Knowledge of delirium improves following staff education: results of a pre/post survey

Smyth, Wendy, Wright, Kelly, Burton, Sandra, and Murray, Helen (2015) Knowledge of delirium improves following staff education: results of a pre/post survey. Annals of the Australasian College of Tropical Medicine, 17 (1). p. 11.

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Background/Aims: Delirium, a frequent complication of hospital admission, often remains undiagnosed. This may be related to a lack of staff knowledge about predisposing factors and other predictors of delirium. Education has improved staff knowledge and recognition of delirium; however, most of those studies have only assessed nurses' knowledge. This study aimed to measure delirium knowledge across members of a multi-disciplinary team working in two wards of The Townsville Hospital, where there is a high prevalence of patients with delirium, using a pre and post educational intervention.

Methods: A pre-/post-survey design was used. All doctors, nurses and allied health staff who worked in the two units were asked to complete a paper questionnaire before and after the multifaceted educational intervention.

Results: One hundred and fifty-one staff completed questionnaires. Of the 39 staff who completed questionnaires both pre- and post- the education, there were statistically significant improvements in their total overall knowledge about dementia post-education (M=21.31, SD=2.58) compared to pre-education (M=17.75, SD=4.83), t(36)=-5.96, p<0.001. The mean increase in knowledge scores was 3.56 [95% confidence interval 2.34-4.77]. The eta squared statistic (0.50) indicated a large effect size. There were also statistically significant improvements on knowledge and risk factor sub-scales, and fewer uncertain responses given following the education.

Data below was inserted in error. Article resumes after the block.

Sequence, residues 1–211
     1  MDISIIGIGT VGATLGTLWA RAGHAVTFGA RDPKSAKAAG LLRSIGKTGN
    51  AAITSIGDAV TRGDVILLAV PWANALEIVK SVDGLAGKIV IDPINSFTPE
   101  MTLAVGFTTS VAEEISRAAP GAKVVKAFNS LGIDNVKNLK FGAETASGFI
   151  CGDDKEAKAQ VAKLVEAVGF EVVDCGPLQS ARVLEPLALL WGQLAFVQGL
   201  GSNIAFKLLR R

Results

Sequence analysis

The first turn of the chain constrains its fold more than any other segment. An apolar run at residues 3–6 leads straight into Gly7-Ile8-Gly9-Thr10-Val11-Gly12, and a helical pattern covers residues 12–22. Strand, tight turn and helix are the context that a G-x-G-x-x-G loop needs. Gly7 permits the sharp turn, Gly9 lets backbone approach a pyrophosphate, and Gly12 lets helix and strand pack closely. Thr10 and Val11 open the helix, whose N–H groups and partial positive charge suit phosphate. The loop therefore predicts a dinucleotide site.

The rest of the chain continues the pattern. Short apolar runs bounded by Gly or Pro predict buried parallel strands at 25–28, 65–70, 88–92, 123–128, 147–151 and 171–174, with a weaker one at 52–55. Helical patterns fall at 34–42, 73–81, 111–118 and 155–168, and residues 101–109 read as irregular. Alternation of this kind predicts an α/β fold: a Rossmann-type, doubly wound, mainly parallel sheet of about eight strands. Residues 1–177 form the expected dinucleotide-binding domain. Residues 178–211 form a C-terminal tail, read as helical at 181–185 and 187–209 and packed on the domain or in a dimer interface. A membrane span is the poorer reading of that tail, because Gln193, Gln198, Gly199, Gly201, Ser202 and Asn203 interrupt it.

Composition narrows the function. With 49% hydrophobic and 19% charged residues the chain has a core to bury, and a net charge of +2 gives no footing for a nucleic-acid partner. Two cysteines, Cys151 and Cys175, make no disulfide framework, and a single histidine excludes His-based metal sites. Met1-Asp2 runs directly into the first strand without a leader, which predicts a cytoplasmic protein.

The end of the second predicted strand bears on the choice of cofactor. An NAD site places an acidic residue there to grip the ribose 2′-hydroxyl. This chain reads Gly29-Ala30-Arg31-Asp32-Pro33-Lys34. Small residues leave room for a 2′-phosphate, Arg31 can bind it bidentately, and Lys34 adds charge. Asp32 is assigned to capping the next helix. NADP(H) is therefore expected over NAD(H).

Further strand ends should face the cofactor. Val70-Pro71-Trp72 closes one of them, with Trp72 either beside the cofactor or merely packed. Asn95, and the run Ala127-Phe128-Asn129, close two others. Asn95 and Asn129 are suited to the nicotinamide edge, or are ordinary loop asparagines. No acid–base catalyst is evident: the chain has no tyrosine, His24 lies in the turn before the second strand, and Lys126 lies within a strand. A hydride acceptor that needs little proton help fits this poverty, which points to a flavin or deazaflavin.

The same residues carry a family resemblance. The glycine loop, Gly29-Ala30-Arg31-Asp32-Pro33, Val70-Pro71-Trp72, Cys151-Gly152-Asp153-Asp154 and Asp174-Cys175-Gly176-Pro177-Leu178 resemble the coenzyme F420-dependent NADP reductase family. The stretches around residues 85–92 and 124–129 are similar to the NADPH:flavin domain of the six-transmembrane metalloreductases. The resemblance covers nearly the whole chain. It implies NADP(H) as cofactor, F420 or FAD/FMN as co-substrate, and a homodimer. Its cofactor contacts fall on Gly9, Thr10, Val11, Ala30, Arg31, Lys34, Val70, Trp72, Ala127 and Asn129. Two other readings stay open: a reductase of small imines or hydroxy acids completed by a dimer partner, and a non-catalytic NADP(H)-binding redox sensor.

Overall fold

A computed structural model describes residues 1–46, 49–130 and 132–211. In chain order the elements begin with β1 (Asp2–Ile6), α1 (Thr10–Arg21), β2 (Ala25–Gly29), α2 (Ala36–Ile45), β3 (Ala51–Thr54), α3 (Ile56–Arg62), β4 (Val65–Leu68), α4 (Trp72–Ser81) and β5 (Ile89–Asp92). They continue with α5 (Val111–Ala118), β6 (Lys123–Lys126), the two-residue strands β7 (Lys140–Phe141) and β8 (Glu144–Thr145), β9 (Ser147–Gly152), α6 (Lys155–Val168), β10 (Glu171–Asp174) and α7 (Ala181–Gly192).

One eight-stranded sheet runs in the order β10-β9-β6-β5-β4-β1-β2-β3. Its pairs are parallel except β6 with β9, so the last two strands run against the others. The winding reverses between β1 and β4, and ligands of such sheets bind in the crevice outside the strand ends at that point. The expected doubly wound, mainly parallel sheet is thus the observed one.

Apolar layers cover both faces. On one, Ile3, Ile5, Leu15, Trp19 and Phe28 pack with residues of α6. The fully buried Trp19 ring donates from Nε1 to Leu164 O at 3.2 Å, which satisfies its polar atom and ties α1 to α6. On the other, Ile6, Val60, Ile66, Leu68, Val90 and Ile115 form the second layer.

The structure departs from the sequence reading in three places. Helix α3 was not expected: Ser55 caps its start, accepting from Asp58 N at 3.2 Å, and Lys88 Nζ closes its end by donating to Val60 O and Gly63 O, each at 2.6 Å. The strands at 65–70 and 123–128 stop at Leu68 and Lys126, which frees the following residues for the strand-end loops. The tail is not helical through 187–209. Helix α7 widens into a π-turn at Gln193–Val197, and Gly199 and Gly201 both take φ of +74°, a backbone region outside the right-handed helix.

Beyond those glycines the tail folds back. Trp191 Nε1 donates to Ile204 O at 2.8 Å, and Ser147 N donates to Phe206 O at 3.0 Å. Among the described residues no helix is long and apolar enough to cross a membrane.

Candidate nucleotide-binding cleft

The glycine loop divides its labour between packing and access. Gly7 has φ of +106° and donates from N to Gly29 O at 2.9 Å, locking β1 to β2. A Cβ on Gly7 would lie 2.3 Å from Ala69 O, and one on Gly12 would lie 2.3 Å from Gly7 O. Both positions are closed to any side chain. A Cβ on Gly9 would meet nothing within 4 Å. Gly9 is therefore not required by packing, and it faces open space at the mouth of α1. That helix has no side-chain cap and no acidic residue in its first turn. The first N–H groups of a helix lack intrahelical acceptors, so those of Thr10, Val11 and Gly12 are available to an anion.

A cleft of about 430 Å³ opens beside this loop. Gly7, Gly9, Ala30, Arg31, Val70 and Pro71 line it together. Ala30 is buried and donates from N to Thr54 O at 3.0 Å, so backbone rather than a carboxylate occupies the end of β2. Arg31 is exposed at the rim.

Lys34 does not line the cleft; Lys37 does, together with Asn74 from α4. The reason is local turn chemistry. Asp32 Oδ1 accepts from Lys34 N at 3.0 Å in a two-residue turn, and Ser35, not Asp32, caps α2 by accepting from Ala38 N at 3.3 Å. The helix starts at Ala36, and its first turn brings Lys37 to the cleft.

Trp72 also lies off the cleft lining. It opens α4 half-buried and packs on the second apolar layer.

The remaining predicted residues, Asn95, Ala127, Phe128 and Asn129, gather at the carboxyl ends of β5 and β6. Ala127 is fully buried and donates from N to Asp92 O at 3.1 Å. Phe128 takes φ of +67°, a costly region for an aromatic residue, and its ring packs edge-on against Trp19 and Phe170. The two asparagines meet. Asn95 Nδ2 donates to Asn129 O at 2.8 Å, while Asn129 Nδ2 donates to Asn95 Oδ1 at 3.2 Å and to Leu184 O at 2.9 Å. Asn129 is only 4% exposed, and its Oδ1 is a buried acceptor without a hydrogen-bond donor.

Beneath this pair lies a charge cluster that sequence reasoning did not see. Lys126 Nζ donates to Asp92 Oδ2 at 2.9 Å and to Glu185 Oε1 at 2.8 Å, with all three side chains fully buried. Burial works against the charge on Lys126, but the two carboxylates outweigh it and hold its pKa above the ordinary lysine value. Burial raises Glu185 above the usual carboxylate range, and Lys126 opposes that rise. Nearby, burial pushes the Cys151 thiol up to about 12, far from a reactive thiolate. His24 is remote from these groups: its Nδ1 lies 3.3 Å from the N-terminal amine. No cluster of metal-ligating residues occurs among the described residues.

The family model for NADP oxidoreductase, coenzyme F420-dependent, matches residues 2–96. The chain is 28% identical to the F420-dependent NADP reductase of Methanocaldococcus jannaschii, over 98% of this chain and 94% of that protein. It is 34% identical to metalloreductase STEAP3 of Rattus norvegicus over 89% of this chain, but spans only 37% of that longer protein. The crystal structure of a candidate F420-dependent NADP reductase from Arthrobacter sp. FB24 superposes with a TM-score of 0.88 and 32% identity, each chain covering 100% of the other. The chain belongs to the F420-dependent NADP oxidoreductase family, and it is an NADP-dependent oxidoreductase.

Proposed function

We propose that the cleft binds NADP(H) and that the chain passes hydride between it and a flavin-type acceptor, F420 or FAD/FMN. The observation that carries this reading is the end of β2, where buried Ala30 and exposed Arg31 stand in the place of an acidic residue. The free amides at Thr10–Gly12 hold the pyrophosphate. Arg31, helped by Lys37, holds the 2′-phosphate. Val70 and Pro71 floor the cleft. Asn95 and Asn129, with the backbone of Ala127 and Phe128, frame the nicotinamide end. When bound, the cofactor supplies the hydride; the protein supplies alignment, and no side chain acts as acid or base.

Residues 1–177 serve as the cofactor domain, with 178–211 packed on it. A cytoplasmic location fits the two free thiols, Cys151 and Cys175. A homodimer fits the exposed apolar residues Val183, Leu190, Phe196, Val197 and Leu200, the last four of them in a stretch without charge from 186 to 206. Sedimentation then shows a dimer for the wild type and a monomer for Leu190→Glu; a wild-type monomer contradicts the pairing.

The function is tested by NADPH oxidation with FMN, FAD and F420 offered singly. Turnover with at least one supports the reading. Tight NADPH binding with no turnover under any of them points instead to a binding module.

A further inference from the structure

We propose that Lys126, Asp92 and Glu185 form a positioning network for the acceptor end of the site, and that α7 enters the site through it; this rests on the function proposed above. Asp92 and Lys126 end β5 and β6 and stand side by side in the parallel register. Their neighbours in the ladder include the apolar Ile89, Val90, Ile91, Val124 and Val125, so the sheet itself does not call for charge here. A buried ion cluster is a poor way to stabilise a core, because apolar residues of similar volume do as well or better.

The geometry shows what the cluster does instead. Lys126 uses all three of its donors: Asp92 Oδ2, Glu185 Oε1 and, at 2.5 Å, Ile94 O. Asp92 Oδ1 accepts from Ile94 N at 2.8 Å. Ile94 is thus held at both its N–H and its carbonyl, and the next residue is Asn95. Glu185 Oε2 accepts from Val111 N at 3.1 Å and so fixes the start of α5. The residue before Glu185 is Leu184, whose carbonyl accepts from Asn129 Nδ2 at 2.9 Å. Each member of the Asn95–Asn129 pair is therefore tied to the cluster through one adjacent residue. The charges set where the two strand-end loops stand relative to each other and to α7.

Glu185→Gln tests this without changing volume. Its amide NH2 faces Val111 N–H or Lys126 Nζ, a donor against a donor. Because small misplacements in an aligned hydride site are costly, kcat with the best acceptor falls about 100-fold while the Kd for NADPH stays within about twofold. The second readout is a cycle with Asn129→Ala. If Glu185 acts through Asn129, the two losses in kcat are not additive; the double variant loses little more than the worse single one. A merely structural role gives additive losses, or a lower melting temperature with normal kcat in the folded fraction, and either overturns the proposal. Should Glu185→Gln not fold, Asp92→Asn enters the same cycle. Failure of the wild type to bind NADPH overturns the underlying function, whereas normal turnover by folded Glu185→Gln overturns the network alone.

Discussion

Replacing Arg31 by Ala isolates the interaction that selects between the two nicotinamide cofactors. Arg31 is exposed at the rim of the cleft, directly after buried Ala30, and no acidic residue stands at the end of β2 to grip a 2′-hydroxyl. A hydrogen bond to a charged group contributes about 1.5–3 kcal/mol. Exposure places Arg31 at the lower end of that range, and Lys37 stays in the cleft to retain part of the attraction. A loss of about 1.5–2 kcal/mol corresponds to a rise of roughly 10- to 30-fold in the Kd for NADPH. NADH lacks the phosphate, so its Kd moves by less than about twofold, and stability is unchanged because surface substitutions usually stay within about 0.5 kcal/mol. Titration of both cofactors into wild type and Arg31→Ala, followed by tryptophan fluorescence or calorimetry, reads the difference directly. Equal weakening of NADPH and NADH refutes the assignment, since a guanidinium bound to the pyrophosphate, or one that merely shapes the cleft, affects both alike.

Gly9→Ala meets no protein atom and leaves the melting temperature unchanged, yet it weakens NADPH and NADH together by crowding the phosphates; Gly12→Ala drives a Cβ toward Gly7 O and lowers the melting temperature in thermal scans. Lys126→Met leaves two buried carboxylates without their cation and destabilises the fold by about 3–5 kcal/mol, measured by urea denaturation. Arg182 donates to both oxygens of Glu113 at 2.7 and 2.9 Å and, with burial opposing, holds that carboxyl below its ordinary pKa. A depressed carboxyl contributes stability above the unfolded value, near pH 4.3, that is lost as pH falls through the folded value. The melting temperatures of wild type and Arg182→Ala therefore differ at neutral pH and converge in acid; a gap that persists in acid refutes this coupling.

Conclusion: The educational intervention improved overall knowledge of delirium among a multidisciplinary team. Not all respondents completed both pre and post surveys. A similar study is underway with a more structured educational intervention for nurses working in another health service.

Item ID: 40873
Item Type: Article (Abstract)
ISSN: 1448-4706
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Date Deposited: 27 Oct 2015 02:56
FoR Codes: 11 MEDICAL AND HEALTH SCIENCES > 1199 Other Medical and Health Sciences > 119999 Medical and Health Sciences not elsewhere classified @ 100%
SEO Codes: 92 HEALTH > 9299 Other Health > 929999 Health not elsewhere classified @ 100%
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